To survive a motion to dismiss under Federal Rule of Civil Procedure 12(b)(6), a plaintiff need only plead "enough facts to state a claim to relief that is plausible on its face" and to "nudge[ ] [his or her] claims across the line from conceivable to plausible." Bell Atl. Corp. v. Twombly, 550 U.S. 544, 570 (2007); Fed. R. Civ. P. 12(b)(6). "[A] complaint [does not] suffice if it tenders naked assertions devoid of further factual enhancement." Ashcroft v. Iqbal, 556 U.S. 662, 129 S.Ct. 1937, 1949 (2009) (internal quotation marks omitted) (citing Twombly, 550 U.S. at 557). Instead, the complaint must plead facts that are more than "merely consistent with" a defendant's liability; "the plaintiff [must plead] factual content that allows the court to draw the reasonable inference that the defendant is liable for the misconduct alleged." Id. at 1949, 1940; Rudder v. Williams, No. 10-cv-7101, 2012 WL 119589, at *2 (D.C. Cir. Jan. 17, 2012). The Court must "assume all the allegations in the complaint are true (even if doubtful in fact) . . . [and] must give the plaintiff the benefit of all reasonable inferences derived from the facts alleged." Aktieselskabet AF 21. November 2001 v. Fame Jeans Inc., 525 F.3d 8, 17 (D.C. Cir. 2008) (internal quotations and citations omitted).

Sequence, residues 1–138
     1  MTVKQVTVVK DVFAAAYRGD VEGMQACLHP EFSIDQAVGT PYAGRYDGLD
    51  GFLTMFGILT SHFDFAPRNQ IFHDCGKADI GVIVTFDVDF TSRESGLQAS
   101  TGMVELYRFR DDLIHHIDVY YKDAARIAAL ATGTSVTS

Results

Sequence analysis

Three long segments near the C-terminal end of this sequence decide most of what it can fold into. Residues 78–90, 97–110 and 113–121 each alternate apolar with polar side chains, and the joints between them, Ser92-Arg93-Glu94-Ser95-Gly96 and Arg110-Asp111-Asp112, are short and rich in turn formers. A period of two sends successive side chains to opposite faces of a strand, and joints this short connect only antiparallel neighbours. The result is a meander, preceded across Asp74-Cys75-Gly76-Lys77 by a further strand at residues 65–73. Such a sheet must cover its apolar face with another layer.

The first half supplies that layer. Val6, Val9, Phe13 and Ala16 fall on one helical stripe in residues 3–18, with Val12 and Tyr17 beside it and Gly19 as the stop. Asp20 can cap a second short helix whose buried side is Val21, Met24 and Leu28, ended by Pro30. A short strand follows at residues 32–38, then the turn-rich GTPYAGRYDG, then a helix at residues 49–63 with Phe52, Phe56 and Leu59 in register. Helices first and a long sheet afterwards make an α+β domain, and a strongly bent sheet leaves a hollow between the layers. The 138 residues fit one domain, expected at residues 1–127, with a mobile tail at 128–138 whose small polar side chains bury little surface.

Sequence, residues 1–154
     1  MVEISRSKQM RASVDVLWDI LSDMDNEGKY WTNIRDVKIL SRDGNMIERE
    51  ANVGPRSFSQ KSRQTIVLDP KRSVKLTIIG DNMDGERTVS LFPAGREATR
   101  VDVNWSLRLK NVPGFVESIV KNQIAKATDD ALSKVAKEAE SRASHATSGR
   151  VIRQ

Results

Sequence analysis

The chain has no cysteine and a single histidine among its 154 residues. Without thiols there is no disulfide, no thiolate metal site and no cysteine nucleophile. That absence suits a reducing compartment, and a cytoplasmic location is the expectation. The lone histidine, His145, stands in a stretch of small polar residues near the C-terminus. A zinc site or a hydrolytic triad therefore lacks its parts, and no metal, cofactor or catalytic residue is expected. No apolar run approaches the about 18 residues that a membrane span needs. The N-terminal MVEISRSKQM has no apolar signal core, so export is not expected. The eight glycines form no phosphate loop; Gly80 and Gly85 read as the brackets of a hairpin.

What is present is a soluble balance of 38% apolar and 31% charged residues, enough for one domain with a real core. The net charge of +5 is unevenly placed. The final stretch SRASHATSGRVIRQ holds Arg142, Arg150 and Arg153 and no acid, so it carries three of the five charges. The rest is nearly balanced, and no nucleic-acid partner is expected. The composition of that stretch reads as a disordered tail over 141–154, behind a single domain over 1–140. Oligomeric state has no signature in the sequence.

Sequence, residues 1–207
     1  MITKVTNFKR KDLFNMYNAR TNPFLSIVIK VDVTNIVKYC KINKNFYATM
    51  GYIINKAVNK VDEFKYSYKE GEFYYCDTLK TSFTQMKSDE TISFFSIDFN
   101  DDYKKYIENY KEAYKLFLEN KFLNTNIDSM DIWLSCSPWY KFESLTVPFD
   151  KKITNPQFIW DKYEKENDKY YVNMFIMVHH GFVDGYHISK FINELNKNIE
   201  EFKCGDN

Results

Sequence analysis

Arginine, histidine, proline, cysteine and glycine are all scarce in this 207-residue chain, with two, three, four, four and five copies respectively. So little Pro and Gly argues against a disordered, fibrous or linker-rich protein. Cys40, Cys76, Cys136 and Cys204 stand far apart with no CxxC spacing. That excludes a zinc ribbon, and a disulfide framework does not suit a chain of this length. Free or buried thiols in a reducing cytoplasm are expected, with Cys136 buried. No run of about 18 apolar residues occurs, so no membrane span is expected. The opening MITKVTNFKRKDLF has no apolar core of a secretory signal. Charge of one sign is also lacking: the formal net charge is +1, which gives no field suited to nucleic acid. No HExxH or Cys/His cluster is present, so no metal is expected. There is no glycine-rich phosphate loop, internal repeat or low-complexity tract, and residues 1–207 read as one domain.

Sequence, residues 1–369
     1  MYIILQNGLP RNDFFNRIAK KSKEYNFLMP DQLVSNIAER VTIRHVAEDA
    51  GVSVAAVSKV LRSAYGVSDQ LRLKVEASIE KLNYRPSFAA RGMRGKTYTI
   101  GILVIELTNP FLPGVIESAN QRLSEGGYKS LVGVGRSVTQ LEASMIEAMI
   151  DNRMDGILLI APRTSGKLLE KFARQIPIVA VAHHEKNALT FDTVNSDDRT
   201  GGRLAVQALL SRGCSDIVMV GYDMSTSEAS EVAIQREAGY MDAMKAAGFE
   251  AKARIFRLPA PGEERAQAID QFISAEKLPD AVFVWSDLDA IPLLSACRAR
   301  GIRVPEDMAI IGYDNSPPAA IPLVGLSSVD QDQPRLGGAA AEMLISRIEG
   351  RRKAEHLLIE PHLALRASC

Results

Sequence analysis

An affirmative defense that claims are barred by the statute of limitations may be asserted in a Rule 12(b)(6) motion "when the facts that give rise to the defense are clear from the face of the complaint." Smith--Haynie v. District of Columbia, 155 F.3d 575, 578 (D.C. Cir. 1998). The face of the complaint must conclusively indicate that the complaint is time-barred. Id. at 578-79; Doe v. U.S. Dep't of Justice, 753 F.2d 1092, 1115 (D.C .Cir. 1985); Performance Contracting, ...